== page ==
Teach a Great Money Mindset to Your Kids

One of our major jobs as parents is to teach our kids about money.  We teach them how to think about it, where it should come from, if it is good or bad or neutral, how to save it, and how to spend it.  Often most of these are taught without us even thinking about it!  More than that, much of what they learn comes from outside influences without forethought or our consent.  I know I have several stray beliefs about money from my grandmother whose family struggled during the Great Depression, for example.  How about you?

Here is the great news!!!  Now that we’ve mentioned it, we can actively decide what we are going to teach our kids about how to handle money.  

Here are 5 wonderful places to start.  

Results leave clues.  I am always looking for common habits that create the results I want in my life.  Here are common attitudes of people who have a healthy and wealthy relationship with money.  Some are great for all ages and a few are better suited for your teens, but it is never too late to start leading by example!

1. First, many people have a rule to not talk about money.  It is a taboo subject.  Even with their kids!  Wealthy people and healthy money people talk about money without a ton of emotion to 3 to 5 close people often and openly.  They share what works and what isn’t working and tap into the power of group knowledge and referrals.   

Start talking to your kids about how much things cost.  Give them an idea of what it costs to live.  Teens really need to know the costs of driving a car (insurance, gas, repairs, payments, etc.) as well as things like utilities and groceries.  Remember, your attitude is everything. Show them what you love about money.

2. People with a healthy and wealthy mindset don’t often focus on saving and cutting back.  They don’t think in terms of limits.  Instead, when there is something they want or need, they think about how they can earn more money.  This is actually one of the biggest mindset differences between people with a good relationship with money and those who are stressed by it.  Being open to creating more money is the key.  

Here is a great activity to do with your kids to get their minds (and maybe yours too) thinking in this direction.  Take some time to brainstorm 50 different ways to earn some money.  It may take a little bit to get it rolling, but as soon as you do, tons of ideas will come pouring out!  To start things off, suggest the classics: babysitting, yard work, lawn mowing, and lemonade stands.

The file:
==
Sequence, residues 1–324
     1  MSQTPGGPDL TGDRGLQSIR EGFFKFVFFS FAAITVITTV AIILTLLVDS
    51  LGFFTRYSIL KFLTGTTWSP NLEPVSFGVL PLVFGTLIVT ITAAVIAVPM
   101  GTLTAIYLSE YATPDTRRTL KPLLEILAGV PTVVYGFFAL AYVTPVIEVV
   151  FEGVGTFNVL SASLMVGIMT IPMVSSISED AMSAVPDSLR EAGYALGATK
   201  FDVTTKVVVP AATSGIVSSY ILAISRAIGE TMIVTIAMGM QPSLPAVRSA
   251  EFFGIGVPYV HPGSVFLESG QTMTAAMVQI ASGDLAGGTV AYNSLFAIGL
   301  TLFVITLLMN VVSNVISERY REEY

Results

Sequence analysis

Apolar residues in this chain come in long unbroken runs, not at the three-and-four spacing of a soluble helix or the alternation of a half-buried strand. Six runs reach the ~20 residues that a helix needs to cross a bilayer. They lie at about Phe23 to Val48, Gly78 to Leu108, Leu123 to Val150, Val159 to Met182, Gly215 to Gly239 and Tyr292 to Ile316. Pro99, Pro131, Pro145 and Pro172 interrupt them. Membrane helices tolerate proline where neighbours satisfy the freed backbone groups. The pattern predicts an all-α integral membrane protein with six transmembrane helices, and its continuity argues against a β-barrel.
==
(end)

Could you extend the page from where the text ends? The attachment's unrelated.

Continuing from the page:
3. Here is another great activity to get a healthy money mindset flowing.  Every time one of you parts with money, send out a little blessing and/or a bit of gratitude and say, ”There is always more where that came from.”  That frees up your kids, and you too, from the worry of the money going away and instead opens the mind to ideas and ways for more money to come back into your lives, as well as being grateful for what you do have to spend.

4. I bet that as you’re reading this, some of your family quotes have popped into your head.  “Money doesn’t grow on trees.”  “A penny saved is a penny earned.”  “Money causes a lot of problems.”  “Money is the root of all evil.”  

Guess what.  You didn’t put those sayings into your head and they are not likely doing you any good.  So why say them in front of your kids? You get to choose what you want your kids to hear.  Choose wisely!  Here are a few suggestions, but feel free to Google positive money mindset phrases and choose ones you really want them to carry with them for the rest of their lives!  

Try these:  “I love money. Money loves me.”  “I have more than enough money.”  “I am sensible with money and manage it wisely.”  “I allow my income to constantly expand and I always live in comfort and joy.”   

You get to instill in them a way of thinking about money that allows them to be open to opportunity.  Think about it.  Don’t you always get more money even when things are tight?  Focus on what will be coming in and not what is going out.  It takes the same amount of energy but one fills life with a negative money mindset and the other opens the mind to potential and the future.

5. Have your kids track their money.  People with a healthy money mindset are always aware and grateful for the money they are bringing in.  It is a great habit to start early and will create a healthy relationship with money at an early age.

If you have teens in your home that are just starting their life-long money relationship, here are two classic money books that will start their journey off on the right foot:  Rich Dad, Poor Dad by Robert T. Kiyosaki and Think and Grow Rich by Napoleon Hill.  

When I first came across some of these ideas, I was surprised.  How is changing my phrasing about money and stopping the search for coupons going to do anything but make things worse?  Things did start to change for the better.  My relationship with money changed and so did my children’s.  I don’t often worry about money anymore.  I also don’t just throw it around and waste it either.  That isn’t what this is about. It is about opening up to the idea that money is a paper symbol of energy exchanged between people.  No emotions.  If you need more, create it.  There are options and be open to the options.  Kids start open to this idea so it should be easy to encourage. Experiment and see where it takes you. Your kids will thank you!